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Corn Belt Crop Tour highlights

Corn Belt Crop Tour highlights

Moe Agostino fills us in on what he’s seen during his 12-state tour

By Diego Flammini
Staff Writer

The American corn and soybean crops are showing the effects of late plantings and heavy moisture, said Moe Agostino, chief commodity strategist with Risk Management.

“The crop is short, wet and late,” he told from Indiana during his eighth annual U.S. Corn Belt Crop Tour. “When I say small, I’m talking knee-high corn and ankle-high soybeans or shorter.”

Generally, however, crops are showing signs of good health, he said. They have good stands and are a “lush green color.”

Agostino’s 12-state tour began on July 2 and included stops in Michigan, Ohio, Indiana, Illinois, Kansas, Missouri, Iowa, Minnesota, Nebraska, the Dakotas and Wisconsin.

Producers along Agostino’s journey have said they’ve lost yield and may not be able to make them up. Some corn fields showed signs of rolling while soybeans were cupping because of dry conditions.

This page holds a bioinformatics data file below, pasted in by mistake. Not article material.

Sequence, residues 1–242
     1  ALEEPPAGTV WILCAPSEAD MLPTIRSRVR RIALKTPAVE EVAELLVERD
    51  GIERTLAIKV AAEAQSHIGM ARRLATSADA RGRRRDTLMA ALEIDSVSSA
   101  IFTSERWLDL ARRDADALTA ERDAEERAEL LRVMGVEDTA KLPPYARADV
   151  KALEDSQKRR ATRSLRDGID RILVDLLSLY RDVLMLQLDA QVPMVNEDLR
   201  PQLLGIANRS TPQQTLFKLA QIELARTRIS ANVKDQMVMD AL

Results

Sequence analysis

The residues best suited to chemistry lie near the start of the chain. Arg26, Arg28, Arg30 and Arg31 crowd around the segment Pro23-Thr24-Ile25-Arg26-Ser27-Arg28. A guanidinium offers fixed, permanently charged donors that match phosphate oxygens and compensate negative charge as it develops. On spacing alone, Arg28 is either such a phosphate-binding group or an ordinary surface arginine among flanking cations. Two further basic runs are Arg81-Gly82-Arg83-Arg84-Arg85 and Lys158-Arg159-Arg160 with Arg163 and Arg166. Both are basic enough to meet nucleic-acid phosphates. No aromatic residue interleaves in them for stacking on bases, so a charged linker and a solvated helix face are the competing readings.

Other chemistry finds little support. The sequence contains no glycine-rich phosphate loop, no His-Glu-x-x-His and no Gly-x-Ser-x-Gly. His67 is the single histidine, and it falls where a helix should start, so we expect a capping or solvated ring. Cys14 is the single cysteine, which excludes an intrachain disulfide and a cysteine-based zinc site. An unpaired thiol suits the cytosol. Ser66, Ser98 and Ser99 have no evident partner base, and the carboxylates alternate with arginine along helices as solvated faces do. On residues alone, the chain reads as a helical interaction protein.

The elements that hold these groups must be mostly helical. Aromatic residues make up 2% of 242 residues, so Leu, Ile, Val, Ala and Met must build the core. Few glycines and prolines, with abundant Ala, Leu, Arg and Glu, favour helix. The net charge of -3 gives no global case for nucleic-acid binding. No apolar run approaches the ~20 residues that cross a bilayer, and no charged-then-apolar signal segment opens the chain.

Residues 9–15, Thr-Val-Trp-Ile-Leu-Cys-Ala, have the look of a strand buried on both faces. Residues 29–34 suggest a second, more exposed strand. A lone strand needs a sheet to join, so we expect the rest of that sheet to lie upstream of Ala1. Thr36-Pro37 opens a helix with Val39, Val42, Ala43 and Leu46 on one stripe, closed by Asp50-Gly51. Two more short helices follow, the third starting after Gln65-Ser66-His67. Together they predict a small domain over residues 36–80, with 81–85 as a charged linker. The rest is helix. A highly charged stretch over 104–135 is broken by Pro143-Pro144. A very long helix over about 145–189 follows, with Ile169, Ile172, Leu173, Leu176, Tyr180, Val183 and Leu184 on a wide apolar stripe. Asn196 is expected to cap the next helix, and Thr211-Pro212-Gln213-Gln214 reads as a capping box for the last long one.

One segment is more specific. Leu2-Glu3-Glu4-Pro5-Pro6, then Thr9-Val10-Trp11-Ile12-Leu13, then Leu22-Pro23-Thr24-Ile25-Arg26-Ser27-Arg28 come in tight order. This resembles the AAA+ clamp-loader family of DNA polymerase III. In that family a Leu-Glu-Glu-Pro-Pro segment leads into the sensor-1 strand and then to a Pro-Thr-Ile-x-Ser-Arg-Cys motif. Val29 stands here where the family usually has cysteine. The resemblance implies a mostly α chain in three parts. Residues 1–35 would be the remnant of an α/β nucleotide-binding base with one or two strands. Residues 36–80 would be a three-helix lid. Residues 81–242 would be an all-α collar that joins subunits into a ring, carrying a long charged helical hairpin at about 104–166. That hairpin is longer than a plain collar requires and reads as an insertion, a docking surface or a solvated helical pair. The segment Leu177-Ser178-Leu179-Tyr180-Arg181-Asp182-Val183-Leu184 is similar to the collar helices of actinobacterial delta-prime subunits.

Whether the crops will have a strong finish will depend on Mother Nature, Agostino said.

“We have to have a decent August, September and October,” he said. “We have to avoid the Oct. 1 frost. If conditions don’t become ideal, the situation is just going to get worse.”

Prevent plant acres could total eight million for corn and more than three million for soybeans, Agostino said. The USDA will provide an update on prevent plant acres in an Aug. 12 report.

How the U.S. crop conditions will affect commodity prices remains to be seen.

 “The USDA has to tell the funds where we’re at,” Agostino said. “The Aug. 12 report will tell us if the USDA is going to lower yields.”

Subscribers to Agostino’s Risk Management program receive one-page summaries from each state visited along the tour.


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